Work to prepare to pump out radioactive water from the basements of the Fukushima Daiichi nuclear power plants are proceeding.

Reactor-by-reactor, system-by-system summary from JAIF as of 11 April

Reactor-by-reactor, system-by-system summary from JAIF as of 11 April; yellow indicates abnormal/unstable; red means damaged/nonfunctional/unsafe

Workers plan to pump the water into turbine condensers, but needed to pump water out of them first. Work to transfer water from the unit 2 and 1 condenser to a central storage tank was completed on 9 and 10 April. Also, workers have knocked holes through the turbine hall buildings of units 2 and 4 to accommodate hoses for the water transfer. At unit 3, work continues to make space for water in the turbine condenser by pumping operations in other tanks. Japanese news wire NHK reports that workers are laying hoses to transfer water to a LLW waste processing facility, which continues to be inspected.

TEPCO says that it cannot start work switching on emergency systems on site until the turbine hall is dry.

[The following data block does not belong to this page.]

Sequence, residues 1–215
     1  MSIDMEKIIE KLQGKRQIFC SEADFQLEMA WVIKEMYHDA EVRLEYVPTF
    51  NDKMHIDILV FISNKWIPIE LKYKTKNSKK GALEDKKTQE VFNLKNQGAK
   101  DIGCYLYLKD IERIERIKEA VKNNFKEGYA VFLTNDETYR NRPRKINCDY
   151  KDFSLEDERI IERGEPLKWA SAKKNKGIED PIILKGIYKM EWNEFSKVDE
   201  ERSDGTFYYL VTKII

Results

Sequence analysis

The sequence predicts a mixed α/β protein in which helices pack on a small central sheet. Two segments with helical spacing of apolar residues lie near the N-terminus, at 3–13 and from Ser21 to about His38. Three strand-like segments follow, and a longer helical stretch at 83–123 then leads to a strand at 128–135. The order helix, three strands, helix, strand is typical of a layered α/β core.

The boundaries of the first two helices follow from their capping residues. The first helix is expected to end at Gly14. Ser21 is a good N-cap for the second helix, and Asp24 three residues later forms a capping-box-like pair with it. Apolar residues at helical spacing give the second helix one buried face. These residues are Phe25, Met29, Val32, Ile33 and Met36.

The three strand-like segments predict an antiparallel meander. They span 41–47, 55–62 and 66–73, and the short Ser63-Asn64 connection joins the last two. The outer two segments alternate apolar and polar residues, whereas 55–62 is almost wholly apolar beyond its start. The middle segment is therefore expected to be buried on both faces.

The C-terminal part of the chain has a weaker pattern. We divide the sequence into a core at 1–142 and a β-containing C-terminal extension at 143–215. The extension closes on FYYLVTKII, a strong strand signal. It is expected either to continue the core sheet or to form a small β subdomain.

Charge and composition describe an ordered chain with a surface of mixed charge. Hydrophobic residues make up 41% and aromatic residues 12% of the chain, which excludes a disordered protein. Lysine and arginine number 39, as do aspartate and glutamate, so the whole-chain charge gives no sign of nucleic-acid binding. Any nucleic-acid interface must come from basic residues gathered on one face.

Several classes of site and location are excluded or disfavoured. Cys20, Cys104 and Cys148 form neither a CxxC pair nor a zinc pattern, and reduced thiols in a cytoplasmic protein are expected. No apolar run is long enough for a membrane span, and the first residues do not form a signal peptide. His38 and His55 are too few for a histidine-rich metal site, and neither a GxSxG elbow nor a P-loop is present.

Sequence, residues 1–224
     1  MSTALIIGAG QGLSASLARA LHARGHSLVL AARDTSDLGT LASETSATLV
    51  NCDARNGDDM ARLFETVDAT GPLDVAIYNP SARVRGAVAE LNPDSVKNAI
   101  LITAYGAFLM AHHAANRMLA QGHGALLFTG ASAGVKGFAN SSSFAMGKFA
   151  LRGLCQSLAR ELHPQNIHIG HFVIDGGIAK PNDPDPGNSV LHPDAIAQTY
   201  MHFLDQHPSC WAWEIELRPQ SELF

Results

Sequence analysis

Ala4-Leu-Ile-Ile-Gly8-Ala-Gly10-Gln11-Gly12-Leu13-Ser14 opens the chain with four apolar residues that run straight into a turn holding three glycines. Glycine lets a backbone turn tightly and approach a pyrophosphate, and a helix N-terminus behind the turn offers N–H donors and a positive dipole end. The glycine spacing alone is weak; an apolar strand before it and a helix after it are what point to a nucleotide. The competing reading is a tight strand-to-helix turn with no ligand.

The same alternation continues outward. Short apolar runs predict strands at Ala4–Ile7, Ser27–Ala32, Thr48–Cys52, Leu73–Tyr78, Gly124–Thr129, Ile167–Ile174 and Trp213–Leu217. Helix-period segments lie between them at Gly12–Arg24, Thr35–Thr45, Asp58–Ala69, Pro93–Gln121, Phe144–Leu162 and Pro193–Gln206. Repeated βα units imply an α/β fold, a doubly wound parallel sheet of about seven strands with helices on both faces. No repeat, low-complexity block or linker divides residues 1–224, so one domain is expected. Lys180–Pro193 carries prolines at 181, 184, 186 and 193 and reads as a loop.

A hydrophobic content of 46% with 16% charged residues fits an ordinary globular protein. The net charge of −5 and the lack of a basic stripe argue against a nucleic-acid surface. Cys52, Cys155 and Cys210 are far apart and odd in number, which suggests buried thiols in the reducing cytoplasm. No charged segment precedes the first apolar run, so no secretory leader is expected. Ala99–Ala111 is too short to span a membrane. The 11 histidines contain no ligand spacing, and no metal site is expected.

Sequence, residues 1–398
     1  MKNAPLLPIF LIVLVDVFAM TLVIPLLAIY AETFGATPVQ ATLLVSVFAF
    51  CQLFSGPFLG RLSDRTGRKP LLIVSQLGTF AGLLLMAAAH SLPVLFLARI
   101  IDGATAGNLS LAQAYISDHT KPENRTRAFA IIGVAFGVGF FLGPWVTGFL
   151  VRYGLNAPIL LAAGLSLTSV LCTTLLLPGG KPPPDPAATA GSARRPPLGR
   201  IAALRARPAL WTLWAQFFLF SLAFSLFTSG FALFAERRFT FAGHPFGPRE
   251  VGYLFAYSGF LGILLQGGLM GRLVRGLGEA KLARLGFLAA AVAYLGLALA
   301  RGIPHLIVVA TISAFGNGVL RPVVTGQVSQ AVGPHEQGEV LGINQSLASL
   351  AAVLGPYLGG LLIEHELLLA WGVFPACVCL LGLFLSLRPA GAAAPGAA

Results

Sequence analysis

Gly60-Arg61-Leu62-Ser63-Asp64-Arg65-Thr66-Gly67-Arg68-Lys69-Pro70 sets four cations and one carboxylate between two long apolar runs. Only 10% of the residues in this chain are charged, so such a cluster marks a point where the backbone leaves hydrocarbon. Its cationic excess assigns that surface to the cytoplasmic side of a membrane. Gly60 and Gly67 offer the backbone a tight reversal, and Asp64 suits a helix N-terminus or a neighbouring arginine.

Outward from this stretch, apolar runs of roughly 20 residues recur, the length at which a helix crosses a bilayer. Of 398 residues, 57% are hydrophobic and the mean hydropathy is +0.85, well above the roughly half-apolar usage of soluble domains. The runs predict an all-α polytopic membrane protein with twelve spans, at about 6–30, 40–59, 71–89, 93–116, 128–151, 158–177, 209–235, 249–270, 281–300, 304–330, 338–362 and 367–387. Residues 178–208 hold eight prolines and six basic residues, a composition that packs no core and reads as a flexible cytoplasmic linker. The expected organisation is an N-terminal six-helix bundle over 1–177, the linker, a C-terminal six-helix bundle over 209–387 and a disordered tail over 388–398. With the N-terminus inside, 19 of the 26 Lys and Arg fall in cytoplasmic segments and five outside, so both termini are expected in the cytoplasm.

NHK also reported that radioactive water filling a tunnel near unit 2 has risen 12 cm since a leak in a trench was stopped on Wednesday 6 April.

A senior agency official of Japan’s Nuclear and Industrial Safety Agency said that safety protocols at the country need to be reexamined in the light of the effect of the recent earthquake and tsunami, according to a report from Japanese news wire NHK, republished by the Japan Atomic Industrial Forum. Hidehiko Nishiyama said that safety measures for nuclear plants compiled before the earthquake are not sufficient.

Also, Japan Atomic Industrial Forum reports that TEPCO has estimated that 70% of the unit 1 fuel has been damaged, and 30% of the unit 2 fuel and 25% of the unit 3 fuel, based on radiation levels inside containment.

A 9 April survey of radiation in seawater outside unit 2 shows radioactive isotope concentrations (Iodine 131, Caesium 134 and Caesium 137) falling for the third straight day since the leak was plugged. However, the levels are still high, at several thousand times legal levels. Other nuclides are being investigated, but Japan regulator NISA has flagged up problems with TEPCO’s sampling methodology.

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